Tuesday, May 24, 2011

Frijoles Refritos & Mexican Rice

Here is what you do when you have your wisdom teeth pulled out:

1. Watch the entire season 4 of 30 Rock. And then watch the movie Don Juan de Marco, in which Johnny Depp is mostly shirtless for over and hour and a half.
2. Milkshakes.
3. Listen to the ever lovely and whimsical Blossom Dearie on repeat:
4. Write thank you notes and emails.
5. Make refried beans and mexican rice.

Getting my teeth out was my first surgery ever, and let me tell you what frightens me: There are gaps in my memory. I remember waking up out of the druggy stupor, but I have no idea how I made it from the surgery to my bed at home, even though I was conscious. These HOLES in my memory, they're dark and strange, and the little I can remember, it's like looking through tarnished mirror, or murky pond. The memory just isn't there, which is freaky. My mother tells me that I got to ride in a wheel chair. I've always wanted to ride in a wheel chair. AND I CAN'T REMEMBER.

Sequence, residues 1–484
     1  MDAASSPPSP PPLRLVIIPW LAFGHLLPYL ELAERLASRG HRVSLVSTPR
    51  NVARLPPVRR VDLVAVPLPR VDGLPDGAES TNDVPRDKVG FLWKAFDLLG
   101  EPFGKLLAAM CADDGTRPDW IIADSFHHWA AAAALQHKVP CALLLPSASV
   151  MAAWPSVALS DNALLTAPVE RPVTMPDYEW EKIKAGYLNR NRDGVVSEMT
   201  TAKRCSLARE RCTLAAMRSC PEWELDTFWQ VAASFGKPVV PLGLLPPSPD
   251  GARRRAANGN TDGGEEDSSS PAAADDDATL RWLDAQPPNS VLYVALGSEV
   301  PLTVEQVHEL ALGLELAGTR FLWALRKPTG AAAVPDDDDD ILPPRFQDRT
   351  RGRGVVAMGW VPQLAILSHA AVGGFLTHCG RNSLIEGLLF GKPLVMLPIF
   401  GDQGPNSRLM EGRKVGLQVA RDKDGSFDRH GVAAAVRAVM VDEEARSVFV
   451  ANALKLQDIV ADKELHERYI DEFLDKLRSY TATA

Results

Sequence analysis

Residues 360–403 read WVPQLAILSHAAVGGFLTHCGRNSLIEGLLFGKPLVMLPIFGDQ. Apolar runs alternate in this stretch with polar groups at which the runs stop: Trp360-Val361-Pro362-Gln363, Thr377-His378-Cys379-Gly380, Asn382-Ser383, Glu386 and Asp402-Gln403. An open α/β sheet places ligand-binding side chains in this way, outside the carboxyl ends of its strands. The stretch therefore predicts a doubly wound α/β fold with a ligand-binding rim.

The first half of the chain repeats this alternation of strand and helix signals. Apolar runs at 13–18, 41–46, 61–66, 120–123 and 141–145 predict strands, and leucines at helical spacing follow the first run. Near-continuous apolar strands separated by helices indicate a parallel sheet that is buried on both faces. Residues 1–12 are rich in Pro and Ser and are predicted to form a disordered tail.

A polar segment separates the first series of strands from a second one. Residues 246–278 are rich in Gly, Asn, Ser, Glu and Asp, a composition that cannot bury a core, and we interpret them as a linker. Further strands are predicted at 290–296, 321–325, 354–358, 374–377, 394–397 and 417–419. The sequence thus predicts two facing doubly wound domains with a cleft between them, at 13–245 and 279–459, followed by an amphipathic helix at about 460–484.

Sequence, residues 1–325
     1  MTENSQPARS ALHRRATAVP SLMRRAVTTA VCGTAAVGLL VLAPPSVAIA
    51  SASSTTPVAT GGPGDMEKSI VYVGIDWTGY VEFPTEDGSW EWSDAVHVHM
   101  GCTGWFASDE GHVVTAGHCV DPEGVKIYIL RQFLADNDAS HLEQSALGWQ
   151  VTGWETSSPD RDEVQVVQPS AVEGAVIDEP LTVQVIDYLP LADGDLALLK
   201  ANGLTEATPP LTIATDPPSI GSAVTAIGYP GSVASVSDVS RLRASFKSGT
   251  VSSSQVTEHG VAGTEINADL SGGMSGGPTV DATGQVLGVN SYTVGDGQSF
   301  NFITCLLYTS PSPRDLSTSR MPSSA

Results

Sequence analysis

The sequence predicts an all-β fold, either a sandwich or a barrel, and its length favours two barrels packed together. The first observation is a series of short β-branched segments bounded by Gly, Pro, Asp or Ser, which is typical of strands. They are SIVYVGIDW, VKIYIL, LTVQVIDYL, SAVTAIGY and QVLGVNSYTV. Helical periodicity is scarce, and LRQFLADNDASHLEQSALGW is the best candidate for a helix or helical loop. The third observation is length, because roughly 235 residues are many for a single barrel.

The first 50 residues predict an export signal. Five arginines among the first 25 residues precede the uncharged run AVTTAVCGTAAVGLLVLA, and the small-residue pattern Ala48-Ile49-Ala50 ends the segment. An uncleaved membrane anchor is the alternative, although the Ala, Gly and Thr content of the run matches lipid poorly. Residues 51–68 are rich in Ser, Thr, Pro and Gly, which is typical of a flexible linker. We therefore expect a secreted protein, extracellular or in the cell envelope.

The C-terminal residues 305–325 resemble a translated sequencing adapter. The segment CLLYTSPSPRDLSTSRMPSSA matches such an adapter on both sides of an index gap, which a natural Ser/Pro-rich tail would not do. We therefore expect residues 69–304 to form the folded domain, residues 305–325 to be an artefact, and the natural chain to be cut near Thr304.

I also had some spectacular daydreams. One of which was animated, like a cartoon. There were giraffes.

Today, however, I am mostly back to normal, and my mom has stopped offering to make me milkshakes, so I'm pretty certain I'm on the rebound. I made myself frijoles refritos or refried beans and mexican rice. For the uninformed, these are the "mashed potatoes" of Tex-Mex cooking, and basically accompany every main course you can think of. They are soft and comforting and delicious and hearty and my comfort food, especially when topped with a grating of cheddar cheese.

Perfect for my wisdom-toothless mouth.


Frijoles Refritos
from The Tex-Mex Cookbook by Robb Walsh

1/4 cup lard or vegetable oil
3 cups drained cooked pinto beans, broth reserved